Finding Good Footwear
The following tips on good footwear may prevent toe, foot, or ankle problems or injuries.
- Have your feet measured regularly.
The size of your feet may change as you grow older.
- Have both feet measured.
Often one foot is larger than the other. The shoes should be fitted to the larger foot.
- Don't choose shoes based on the size marked inside.
Sizes vary among shoe brands and styles. Pick shoes by how they fit your feet.
- Choose a shoe that fits the shape of your foot.
Look for a shoe that conforms as nearly as possible to the shape of your forefoot (the front, widest part of your foot).
- Look for roomy footwear with a wide toe box.
Consider laced shoes that have enough room for your toes to wiggle. Athletic shoes are a good choice. High-top laced shoes may give foot and ankle support.
- Make sure the heel fits.
Your heel should fit comfortably in the shoe with a minimum amount of slipping (pistoning).
- Avoid high-heeled, narrow, and pointed-toe shoes if you can.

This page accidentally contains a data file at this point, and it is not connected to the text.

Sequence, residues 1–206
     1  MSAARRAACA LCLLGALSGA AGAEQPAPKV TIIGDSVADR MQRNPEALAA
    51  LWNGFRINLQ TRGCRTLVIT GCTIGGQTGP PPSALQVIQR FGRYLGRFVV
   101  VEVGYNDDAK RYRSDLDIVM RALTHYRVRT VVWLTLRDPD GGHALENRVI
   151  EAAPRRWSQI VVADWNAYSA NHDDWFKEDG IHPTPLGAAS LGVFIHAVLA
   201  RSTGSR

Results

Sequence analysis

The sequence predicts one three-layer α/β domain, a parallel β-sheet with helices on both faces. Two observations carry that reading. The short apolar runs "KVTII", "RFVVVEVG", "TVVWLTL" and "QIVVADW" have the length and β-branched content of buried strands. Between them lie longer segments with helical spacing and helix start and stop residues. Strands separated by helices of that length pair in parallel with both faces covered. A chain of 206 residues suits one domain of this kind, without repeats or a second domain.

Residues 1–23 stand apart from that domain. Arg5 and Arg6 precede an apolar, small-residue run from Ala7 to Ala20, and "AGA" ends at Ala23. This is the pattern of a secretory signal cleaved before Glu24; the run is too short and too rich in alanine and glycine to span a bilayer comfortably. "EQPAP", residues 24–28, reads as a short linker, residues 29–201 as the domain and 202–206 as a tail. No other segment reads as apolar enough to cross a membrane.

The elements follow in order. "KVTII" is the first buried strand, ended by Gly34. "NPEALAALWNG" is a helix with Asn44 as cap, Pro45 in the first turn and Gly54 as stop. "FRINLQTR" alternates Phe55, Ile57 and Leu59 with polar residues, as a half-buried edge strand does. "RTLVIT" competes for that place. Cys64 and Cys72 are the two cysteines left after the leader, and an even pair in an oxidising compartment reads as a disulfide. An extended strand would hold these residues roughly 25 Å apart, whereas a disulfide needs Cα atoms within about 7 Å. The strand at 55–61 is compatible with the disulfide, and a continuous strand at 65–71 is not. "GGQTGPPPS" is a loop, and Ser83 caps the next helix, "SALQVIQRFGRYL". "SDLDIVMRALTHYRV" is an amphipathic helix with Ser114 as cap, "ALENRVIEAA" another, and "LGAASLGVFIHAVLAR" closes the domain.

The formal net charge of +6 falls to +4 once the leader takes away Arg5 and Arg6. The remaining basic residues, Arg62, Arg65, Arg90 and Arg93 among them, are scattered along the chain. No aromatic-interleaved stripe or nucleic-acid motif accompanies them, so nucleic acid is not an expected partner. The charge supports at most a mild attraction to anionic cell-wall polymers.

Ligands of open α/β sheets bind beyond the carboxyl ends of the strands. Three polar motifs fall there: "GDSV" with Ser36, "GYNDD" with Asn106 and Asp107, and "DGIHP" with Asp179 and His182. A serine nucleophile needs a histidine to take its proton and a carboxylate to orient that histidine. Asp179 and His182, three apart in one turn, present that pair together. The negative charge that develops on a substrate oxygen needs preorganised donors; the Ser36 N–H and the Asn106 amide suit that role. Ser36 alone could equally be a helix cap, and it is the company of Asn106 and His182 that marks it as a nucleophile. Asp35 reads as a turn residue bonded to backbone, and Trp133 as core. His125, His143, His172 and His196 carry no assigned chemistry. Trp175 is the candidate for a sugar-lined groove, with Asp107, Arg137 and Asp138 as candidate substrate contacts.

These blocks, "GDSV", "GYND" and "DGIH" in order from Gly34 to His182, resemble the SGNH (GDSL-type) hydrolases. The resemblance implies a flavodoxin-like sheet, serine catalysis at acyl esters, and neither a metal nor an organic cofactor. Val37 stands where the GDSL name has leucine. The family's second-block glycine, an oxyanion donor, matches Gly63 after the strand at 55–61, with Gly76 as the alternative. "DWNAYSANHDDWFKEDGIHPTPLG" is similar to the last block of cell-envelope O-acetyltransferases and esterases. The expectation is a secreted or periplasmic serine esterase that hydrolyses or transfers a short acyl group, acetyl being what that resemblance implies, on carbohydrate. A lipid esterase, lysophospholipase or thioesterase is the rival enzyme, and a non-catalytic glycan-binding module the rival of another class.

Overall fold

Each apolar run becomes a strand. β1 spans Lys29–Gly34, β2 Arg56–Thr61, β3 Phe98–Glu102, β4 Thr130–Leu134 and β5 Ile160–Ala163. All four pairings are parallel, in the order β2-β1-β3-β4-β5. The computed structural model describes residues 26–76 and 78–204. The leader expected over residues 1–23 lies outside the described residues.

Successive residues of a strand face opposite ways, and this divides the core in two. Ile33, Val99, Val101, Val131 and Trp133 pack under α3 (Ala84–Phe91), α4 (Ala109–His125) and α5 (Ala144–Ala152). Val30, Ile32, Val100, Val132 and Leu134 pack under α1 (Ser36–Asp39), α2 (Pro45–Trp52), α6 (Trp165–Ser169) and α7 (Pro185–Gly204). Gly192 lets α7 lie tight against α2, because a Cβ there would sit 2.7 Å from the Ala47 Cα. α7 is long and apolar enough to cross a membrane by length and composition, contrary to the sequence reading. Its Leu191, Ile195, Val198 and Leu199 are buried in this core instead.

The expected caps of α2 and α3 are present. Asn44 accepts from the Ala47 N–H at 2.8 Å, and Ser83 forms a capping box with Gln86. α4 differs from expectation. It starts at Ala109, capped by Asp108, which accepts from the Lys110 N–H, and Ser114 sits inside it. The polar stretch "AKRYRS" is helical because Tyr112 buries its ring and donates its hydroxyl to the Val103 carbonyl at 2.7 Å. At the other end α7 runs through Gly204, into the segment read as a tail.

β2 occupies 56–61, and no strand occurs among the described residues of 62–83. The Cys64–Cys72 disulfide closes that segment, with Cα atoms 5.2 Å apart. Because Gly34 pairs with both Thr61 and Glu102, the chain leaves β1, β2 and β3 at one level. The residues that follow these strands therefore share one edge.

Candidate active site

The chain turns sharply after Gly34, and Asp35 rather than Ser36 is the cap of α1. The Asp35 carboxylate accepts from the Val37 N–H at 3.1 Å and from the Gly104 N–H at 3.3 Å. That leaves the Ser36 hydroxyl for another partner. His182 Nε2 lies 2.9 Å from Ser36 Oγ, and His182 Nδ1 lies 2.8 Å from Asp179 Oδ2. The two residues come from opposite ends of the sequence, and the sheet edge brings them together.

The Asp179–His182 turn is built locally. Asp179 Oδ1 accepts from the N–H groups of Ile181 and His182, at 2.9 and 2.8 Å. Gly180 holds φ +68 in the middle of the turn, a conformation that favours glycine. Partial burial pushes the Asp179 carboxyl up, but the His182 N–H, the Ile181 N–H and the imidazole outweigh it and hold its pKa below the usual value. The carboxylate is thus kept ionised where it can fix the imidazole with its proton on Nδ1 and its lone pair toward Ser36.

High-heeled shoes increase pressure on the front of the foot. If you cannot avoid wearing pumps or high-heeled shoes, look for a pair that gives your toes more room.
- Choose shoes with heels that are no more than 2 in. (5 cm) high.
- Alternate these shoes with flat, roomy shoes to give your toes a chance to move freely.
- Look for shoes made of materials that "give" or stretch.
They will be the most comfortable for your toes and feet.
- Look for shoes that do not have seams.
This will prevent rubbing or irritation of the skin.
- Find comfortable shoes for home.
Consider sandals, soft leather flat shoes, or inexpensive cloth shoes for at-home wear. If you have an enlarged toe joint, cut a hole in the cloth shoes.
- Plan to buy your shoes at the end of the day.
Your foot is more swollen at the end of the day. Foot size may vary half a size from the morning to the evening or after a day at work.
- Stand during the fitting process.
Your foot is longer when you stand up. There should be one finger's width [about 0.5 in. (13 mm)] between your longest toe and the end of the shoe. For the most comfort, the shoe should not be more than 0.25 in. (6 mm) narrower than the width of your foot when you are standing.
- Walk around the store.
Make sure that the fit feels right in both shoes.
If you have foot problems or you are at a high risk of falling, ask your doctor what else to think about when you choose a shoe.